Georgia Table of Contents
All parties in Georgia agreed that judicial reform depended on passage of a new constitution delineating the separation of powers. If such a constitution prescribed a strong executive system, the head of government would appoint Supreme Court judges; if a parliamentary system were called for, parliament would make the court appointments. In early 1994, however, the constitution was the subject of prolonged political wrangling that showed no sign of abating. At that point, experts found a second fundamental obstacle to judicial reform in a national psychology that had no experience with democratic institutions and felt most secure with a unitary, identifiable government power. Reform was also required in the training of lawyers and judges, who under the old system entered the profession through the sponsorship of political figures rather than on their own merit.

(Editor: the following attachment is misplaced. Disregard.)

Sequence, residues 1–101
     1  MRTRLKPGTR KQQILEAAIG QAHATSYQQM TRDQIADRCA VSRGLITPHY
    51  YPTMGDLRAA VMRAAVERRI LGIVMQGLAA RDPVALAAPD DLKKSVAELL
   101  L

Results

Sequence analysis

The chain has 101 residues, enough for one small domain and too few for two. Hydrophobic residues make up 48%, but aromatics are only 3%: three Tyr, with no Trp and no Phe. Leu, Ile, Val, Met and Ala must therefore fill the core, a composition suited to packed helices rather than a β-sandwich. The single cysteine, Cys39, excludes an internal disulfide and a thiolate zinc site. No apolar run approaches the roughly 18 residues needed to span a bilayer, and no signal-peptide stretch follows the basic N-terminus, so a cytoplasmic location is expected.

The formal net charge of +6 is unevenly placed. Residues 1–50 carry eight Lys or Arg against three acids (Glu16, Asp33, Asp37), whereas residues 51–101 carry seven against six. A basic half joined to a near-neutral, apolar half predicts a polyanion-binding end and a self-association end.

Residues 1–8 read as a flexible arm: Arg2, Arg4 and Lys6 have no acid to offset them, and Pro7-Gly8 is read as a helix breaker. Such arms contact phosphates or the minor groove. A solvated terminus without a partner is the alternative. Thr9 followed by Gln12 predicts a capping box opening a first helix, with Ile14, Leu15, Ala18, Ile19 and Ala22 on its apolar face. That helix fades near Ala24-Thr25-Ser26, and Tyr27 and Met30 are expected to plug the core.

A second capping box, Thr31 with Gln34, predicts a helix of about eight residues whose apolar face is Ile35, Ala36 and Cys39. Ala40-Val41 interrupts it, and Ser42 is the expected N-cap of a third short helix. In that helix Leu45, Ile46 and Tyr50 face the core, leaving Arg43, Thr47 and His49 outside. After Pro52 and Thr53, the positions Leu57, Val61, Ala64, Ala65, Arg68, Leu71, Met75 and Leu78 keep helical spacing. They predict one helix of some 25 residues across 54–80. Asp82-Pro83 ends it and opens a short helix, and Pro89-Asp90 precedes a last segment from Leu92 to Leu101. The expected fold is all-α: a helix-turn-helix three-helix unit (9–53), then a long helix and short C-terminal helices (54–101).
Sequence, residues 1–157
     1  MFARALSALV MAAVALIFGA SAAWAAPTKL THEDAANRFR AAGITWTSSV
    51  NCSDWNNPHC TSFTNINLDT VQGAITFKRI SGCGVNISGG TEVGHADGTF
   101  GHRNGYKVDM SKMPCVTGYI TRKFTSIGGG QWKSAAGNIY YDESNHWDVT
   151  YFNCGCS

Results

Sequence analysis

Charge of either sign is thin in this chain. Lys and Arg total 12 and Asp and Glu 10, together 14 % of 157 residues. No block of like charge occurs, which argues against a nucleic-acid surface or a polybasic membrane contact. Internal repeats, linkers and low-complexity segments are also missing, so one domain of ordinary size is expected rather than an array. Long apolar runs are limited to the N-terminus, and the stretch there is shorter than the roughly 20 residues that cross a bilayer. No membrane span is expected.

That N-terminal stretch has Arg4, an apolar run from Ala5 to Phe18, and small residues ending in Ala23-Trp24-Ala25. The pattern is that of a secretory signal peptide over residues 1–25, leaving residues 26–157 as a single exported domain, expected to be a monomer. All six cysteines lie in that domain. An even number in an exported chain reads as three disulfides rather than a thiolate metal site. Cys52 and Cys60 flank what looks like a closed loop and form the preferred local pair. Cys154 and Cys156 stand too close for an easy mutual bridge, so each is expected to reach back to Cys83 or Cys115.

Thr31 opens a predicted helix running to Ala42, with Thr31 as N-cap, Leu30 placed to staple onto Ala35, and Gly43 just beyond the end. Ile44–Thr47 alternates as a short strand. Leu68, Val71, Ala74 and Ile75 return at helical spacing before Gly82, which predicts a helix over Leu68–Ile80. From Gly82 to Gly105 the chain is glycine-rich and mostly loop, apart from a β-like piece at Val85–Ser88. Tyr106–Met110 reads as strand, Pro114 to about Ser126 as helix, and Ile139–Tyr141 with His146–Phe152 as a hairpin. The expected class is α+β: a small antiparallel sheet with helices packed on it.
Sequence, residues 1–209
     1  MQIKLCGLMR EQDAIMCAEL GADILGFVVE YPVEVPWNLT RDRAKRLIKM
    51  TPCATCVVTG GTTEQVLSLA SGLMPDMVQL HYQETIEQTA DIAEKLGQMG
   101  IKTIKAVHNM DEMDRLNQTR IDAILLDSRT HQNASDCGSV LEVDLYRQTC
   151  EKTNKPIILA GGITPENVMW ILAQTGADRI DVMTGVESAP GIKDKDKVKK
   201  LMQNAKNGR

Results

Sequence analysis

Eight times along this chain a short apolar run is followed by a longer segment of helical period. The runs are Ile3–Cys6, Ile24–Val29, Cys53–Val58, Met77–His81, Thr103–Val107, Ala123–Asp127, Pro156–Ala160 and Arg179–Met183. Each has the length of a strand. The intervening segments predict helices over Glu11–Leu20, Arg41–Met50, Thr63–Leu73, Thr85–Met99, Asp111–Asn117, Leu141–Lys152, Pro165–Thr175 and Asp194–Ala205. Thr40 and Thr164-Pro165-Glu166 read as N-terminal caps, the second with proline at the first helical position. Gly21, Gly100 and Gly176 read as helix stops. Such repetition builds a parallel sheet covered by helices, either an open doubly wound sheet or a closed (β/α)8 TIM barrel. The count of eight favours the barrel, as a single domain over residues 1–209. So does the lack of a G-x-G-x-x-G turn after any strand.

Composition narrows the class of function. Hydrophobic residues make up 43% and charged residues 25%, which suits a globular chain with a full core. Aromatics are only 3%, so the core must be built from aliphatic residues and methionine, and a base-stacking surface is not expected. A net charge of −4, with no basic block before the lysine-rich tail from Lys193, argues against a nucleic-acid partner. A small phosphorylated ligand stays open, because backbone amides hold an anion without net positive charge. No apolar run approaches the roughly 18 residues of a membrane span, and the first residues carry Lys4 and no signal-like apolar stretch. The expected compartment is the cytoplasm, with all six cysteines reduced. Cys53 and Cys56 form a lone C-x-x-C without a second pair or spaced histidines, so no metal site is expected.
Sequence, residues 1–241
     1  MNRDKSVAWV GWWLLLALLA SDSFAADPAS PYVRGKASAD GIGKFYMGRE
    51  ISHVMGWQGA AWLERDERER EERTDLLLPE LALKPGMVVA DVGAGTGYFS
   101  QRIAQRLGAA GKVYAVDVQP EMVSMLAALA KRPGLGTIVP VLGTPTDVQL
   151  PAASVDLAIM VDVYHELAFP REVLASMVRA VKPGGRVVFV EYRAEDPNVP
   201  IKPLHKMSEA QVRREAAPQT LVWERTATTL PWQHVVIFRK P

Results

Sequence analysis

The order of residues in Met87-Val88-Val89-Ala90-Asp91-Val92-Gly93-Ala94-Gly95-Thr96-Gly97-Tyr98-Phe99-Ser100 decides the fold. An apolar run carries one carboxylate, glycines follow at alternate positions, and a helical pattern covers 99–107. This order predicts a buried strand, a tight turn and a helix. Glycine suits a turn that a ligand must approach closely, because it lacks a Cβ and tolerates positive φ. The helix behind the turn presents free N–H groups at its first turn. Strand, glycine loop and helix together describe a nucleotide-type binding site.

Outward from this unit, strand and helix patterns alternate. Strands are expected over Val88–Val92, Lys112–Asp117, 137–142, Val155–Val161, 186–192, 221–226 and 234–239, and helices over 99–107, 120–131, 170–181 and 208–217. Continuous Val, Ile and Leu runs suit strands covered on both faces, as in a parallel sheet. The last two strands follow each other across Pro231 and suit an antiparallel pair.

Data as of March 1994